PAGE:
Going to college, starting a new job, finding the right person to love, and getting my first apartment all seem like wonderful life accomplishments. I would have thought that graduating from college and moving into a new place with my boyfriend would be some of the best memories of my 20s.
Emotional and physical trauma taught me that if I don’t expect good outcomes, I’ll never be disappointed. So, instead of hoping for something positive, my mind shifts to thoughts of the worst possible outcome in a situation before it even starts.
Instead of diving into something new with an open mind, I have my guard up. This serves as a shield to protect me from the disappointment that can come with failing. My thoughts have led me to believe that if I prepare for a bad outcome, I will be hurt less when it happens.
This type of anxious thinking has never helped me. Instead, it only heightens my general anxiety. I obsess over having control over situations in which the outcome is unknown. This has filled my mind with negativity to the point that I felt isolated by my fear.
Fear of new beginnings has prevented me from feeling pride in myself. It has stopped me from enjoying celebratory moments, and hindered emotional and physical healing. When I realized the damage these thoughts were causing to my personal and professional life, I knew it was time to face my fears.
To do this, I had to recognize a pattern in which my anxiety seemed to worsen. I had to look back at the moments of my life in which my actions and behaviors were obsessive, and when my emotional state was heightened. I also tried to notice this happening in real time.
The commonality I found was that heightened anxiety because of fear happened most often with change. When changes happened, I did what I could to resist them. I caught myself thinking about change as something frightening that inevitably leads to disappointment.
It has taken a lot of emotional healing and self-reflection to be able to see new beginnings in a different way. I have been so used to fearing change because of the dialogue I created in my head about what change meant. It takes mental energy to go through the worst possible scenarios in my head.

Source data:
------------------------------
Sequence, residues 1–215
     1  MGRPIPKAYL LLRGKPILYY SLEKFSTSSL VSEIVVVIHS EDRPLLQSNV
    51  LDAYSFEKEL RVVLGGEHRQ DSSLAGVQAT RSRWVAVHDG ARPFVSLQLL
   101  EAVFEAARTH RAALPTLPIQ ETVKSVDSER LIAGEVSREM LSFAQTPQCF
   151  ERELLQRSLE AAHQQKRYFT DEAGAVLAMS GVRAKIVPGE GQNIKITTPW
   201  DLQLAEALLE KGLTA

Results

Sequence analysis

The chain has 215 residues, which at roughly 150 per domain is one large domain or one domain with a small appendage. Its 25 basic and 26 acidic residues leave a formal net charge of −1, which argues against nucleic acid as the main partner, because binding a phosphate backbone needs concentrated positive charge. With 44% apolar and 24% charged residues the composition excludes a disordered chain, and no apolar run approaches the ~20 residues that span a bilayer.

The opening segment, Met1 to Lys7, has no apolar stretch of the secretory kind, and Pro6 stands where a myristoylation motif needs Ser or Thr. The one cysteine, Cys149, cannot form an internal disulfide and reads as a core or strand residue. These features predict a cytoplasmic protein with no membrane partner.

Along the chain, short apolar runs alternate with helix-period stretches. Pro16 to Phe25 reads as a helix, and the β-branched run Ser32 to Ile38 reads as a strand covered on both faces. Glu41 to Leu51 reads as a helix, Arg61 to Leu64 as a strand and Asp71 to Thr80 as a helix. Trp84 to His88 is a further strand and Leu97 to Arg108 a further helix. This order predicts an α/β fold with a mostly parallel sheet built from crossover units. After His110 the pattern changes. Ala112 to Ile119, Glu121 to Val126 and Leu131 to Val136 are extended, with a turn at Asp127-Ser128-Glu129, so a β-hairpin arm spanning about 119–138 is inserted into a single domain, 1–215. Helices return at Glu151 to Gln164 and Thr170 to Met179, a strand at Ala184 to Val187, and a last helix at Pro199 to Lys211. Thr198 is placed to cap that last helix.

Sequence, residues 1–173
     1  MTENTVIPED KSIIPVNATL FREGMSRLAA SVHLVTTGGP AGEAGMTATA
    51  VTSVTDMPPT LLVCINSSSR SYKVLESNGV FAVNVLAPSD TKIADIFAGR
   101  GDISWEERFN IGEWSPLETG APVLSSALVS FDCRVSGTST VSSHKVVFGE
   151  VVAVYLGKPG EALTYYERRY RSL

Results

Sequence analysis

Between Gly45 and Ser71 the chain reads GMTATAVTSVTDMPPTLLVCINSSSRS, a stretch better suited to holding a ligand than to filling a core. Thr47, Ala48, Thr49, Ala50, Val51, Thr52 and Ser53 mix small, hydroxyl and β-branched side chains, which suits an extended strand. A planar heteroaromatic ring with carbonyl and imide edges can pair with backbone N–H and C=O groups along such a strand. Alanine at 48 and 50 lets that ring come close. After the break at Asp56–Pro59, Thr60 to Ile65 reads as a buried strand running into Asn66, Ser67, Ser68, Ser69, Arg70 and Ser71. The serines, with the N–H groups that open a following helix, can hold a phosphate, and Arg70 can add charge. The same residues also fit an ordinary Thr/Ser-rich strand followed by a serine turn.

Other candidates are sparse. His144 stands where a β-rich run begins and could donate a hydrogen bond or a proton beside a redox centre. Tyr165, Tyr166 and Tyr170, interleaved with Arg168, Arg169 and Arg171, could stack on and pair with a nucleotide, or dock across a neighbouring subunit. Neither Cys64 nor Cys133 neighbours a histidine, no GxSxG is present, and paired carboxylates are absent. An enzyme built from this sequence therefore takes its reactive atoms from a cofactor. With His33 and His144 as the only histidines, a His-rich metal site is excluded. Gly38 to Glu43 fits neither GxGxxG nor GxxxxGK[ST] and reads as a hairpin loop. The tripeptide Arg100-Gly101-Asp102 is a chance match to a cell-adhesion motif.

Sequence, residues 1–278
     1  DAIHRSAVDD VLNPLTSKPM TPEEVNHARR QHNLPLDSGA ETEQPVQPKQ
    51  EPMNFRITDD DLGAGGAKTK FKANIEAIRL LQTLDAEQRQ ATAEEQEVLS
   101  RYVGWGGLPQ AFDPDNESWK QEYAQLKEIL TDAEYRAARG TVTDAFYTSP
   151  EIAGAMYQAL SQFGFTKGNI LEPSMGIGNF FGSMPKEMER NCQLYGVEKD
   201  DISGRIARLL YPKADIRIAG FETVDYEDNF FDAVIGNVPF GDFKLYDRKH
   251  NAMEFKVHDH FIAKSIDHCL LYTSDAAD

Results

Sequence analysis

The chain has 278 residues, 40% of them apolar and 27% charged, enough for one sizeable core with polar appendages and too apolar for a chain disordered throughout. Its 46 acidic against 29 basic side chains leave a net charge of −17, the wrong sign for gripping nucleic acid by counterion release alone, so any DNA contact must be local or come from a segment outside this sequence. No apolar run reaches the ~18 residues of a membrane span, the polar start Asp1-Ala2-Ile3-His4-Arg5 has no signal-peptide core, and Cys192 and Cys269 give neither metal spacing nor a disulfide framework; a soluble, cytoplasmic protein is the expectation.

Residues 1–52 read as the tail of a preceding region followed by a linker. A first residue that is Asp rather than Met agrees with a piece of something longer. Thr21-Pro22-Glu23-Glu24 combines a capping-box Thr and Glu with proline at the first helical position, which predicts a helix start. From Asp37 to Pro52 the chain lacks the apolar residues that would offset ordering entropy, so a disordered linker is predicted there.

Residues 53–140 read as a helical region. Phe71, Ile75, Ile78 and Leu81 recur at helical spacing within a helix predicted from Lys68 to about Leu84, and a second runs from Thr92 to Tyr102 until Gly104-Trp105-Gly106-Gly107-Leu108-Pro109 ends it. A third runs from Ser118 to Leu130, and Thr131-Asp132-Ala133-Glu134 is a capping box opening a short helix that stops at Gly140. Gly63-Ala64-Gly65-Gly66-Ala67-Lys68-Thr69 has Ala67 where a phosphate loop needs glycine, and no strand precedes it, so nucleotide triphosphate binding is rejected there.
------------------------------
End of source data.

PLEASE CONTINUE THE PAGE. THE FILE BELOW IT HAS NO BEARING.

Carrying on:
It also takes mental energy to force myself to think about positive outcomes that have happened because of change and being open to new beginnings. When I think about new beginnings, I must stop and think about positive outcomes to remind myself that change doesn’t have to be about disappointment.
Change can bring about new moments of laughter, a better and deeper understanding and love, and emotional and physical healing. I have been learning to accept changes as they happen, knowing that I can’t prepare myself for everything. I am happy that I have been working on healing my mind and can now look forward to what is to come, even if that means having to start over.
Note: Pulmonary Hypertension News is strictly a news and information website about the disease. It does not provide medical advice, diagnosis, or treatment. This content is not intended to be a substitute for professional medical advice, diagnosis, or treatment. Always seek the advice of your physician or other qualified health provider with any questions you may have regarding a medical condition. Never disregard professional medical advice or delay in seeking it because of something you have read on this website. The opinions expressed in this column are not those of Pulmonary Hypertension News or its parent company, BioNews Services, and are intended to spark discussion about issues pertaining to pulmonary hypertension.
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